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Latam braces for COVID-19 surge

As many countries look at opening up their economies again following weeks of lockdown in response to the COVID-19 pandemic, countries in Latin America are bracing for worse to come.
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Chile's health minister Jaime Manalich at a COVID-19 briefing

Paul Harris in Medellin

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With the Southern Cone now heading into winter, Chile, the most advanced country in the region, has seen a sudden spike in cases and an outbreak in capital Santiago, prompting a more extensive lock-down and president Sebastian Pinera warning the population the worst was coming in the weeks ahead.

"Over the next few weeks we know that we are going to face the most difficult times and the greatest health challenges in decades in our country," he said during a televised speech.

The spike in cases follows the implementation of a return-to-work plan in April which saw a partial reopening of schools and malls. Chile also choose not to implement a national quarantine during the early days of the spread of the virus, unlike neighbours Argentina and Colombia.

A 60% increase in cases in the capital means more than three-quarters of the country's available ventilators are currently occupied, with the healthcare system nearing the point of collapse. The six million population of Santiago, about one-third of the country's total population, are now under total lockdown, including a curfew, while on Chile's frontiers non-essential businesses remain closed.

"The month of May is being very hard on our country and we have to take the appropriate measures at the right time to be able to contain this disease. The battle for Santiago is the crucial battle in this war against the coronavirus," said health minister Jaime Manalich, reported EFE.

Bracing for the worst, Santiago's General Cemetery is digging 2,000 graves as it prepares for an anticipated increase in deaths.

"We have to contrast with other countries which have resorted to mass graves, with countries where they have been with the dead in the streets, rotting the corpses in trucks; that is what we want to avoid and hopefully we will not use them (the new graves)," cemetery director Rashid Saud told AFP.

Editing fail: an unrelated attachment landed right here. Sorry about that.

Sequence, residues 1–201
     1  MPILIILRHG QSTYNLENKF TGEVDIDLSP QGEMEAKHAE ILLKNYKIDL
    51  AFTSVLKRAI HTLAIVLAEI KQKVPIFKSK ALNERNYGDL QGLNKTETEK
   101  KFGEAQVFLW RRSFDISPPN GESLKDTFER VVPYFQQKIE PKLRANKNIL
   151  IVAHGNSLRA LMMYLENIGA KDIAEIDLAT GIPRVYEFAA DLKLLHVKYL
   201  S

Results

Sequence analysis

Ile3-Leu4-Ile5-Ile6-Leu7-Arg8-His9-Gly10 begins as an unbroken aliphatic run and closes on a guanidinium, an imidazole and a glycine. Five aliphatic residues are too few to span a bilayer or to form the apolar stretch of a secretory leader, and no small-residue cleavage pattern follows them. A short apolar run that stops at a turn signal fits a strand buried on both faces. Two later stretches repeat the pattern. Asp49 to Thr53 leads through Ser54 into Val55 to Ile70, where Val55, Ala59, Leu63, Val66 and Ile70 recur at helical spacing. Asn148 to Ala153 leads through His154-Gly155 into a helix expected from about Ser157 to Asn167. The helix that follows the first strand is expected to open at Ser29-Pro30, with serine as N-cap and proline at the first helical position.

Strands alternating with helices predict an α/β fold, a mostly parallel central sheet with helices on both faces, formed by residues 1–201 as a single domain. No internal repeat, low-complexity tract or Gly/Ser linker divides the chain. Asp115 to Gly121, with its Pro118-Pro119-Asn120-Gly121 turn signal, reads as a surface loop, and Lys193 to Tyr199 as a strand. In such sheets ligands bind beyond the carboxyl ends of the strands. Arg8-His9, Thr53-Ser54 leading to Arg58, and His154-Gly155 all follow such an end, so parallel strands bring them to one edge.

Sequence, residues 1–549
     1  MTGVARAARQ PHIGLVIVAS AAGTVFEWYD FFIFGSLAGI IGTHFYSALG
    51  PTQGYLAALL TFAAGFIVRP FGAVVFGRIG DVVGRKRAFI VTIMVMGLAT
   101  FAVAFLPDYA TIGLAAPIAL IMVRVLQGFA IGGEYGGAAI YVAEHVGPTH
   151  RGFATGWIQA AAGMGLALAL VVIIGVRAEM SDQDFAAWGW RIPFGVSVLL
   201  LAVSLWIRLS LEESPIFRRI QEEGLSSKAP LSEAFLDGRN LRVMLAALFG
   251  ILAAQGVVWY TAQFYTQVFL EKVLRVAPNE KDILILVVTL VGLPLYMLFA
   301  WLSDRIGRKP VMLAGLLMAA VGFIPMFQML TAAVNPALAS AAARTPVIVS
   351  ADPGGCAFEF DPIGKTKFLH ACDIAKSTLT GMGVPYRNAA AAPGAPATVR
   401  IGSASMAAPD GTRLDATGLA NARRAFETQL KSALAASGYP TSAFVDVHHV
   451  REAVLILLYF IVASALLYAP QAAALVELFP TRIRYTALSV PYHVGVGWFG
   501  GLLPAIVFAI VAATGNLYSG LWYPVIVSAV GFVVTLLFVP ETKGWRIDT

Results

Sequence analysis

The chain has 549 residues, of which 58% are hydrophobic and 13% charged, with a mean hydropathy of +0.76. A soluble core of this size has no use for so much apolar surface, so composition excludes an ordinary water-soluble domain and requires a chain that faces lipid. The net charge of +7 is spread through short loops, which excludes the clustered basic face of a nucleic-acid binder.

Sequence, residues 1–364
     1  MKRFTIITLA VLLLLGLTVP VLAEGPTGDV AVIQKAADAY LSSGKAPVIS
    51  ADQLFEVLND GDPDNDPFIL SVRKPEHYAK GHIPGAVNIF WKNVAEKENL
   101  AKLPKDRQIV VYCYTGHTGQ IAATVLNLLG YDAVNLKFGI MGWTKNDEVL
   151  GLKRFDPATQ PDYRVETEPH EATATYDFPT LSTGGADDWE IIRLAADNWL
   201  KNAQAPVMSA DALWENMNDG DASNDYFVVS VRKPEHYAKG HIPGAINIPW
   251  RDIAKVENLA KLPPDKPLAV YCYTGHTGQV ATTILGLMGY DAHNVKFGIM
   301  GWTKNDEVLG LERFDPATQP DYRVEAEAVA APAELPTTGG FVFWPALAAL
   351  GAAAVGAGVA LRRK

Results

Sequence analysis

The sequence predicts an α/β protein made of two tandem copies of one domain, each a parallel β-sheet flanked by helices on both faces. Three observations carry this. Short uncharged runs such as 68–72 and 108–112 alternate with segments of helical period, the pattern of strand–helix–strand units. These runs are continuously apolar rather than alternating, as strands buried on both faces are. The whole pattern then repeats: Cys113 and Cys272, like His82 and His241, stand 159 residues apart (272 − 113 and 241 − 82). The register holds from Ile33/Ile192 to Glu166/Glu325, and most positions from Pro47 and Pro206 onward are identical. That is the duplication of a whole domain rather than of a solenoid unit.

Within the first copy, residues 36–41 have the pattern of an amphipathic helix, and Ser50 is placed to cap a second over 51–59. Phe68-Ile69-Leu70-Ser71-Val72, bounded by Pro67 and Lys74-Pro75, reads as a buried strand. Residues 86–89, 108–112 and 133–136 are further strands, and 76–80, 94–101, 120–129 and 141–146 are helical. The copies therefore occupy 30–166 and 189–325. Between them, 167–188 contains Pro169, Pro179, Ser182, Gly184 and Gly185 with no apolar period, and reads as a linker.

At least Chile recognises it has an issue, something which the governments of Brazil and Nicaragua are reluctant to do despite mounting evidence.

Latin America Daily Briefing reports a growing human calamity in Nicaragua with overflowing hospitals and express burials while the government claims that COVID-19 has passed over the country. "Official express burials— within hours of a suspected COVID-19 patient's death— indicate the Ortega administration has gone from denying the seriousness of the coronavirus to covering up its toll," said Associated Press.

Officially, Nicaragua has 25 confirmed cases and eight deaths due to the virus. However, Citizen Observatory, made up of health workers and activists, reported having detected 1,033 coronavirus suspicious cases and the unusually high number of 188 deaths attributed recently to pneumonia, reported Miami Herald.

In Brazil, president Jair Bolsonaro has also played fast and loose in the face of the virus including the lack of a national quarantine. The country reported a record 881 COVID-19 deaths in 24 hours this past week forcing state and city governments to contemplate mandatory lockdowns against the will of the president.

Many governments in the region fear having to deal with outbreaks such as in Guayaquil, Ecuador, or Pucallpa, Peru, where hospitals were overwhelmed, and people were forced to leave the bodies of deceased family members in the streets.

After about two months of lockdown, governments in Mexico and Colombia are starting to restart their economies due to the pressing need for people to work and feed themselves, while throwing a lifeline to businesses on the edge of the economic abyss. Avianca, Colombia's national airline and the second-largest in the region, entered Chapter 11 bankruptcy protection this past week to restructure its debt in order to survive. The company employs 20,000 people.

After initially suspending mining and exploration operations Peru, Mexico and Colombia have since declared them essential businesses.


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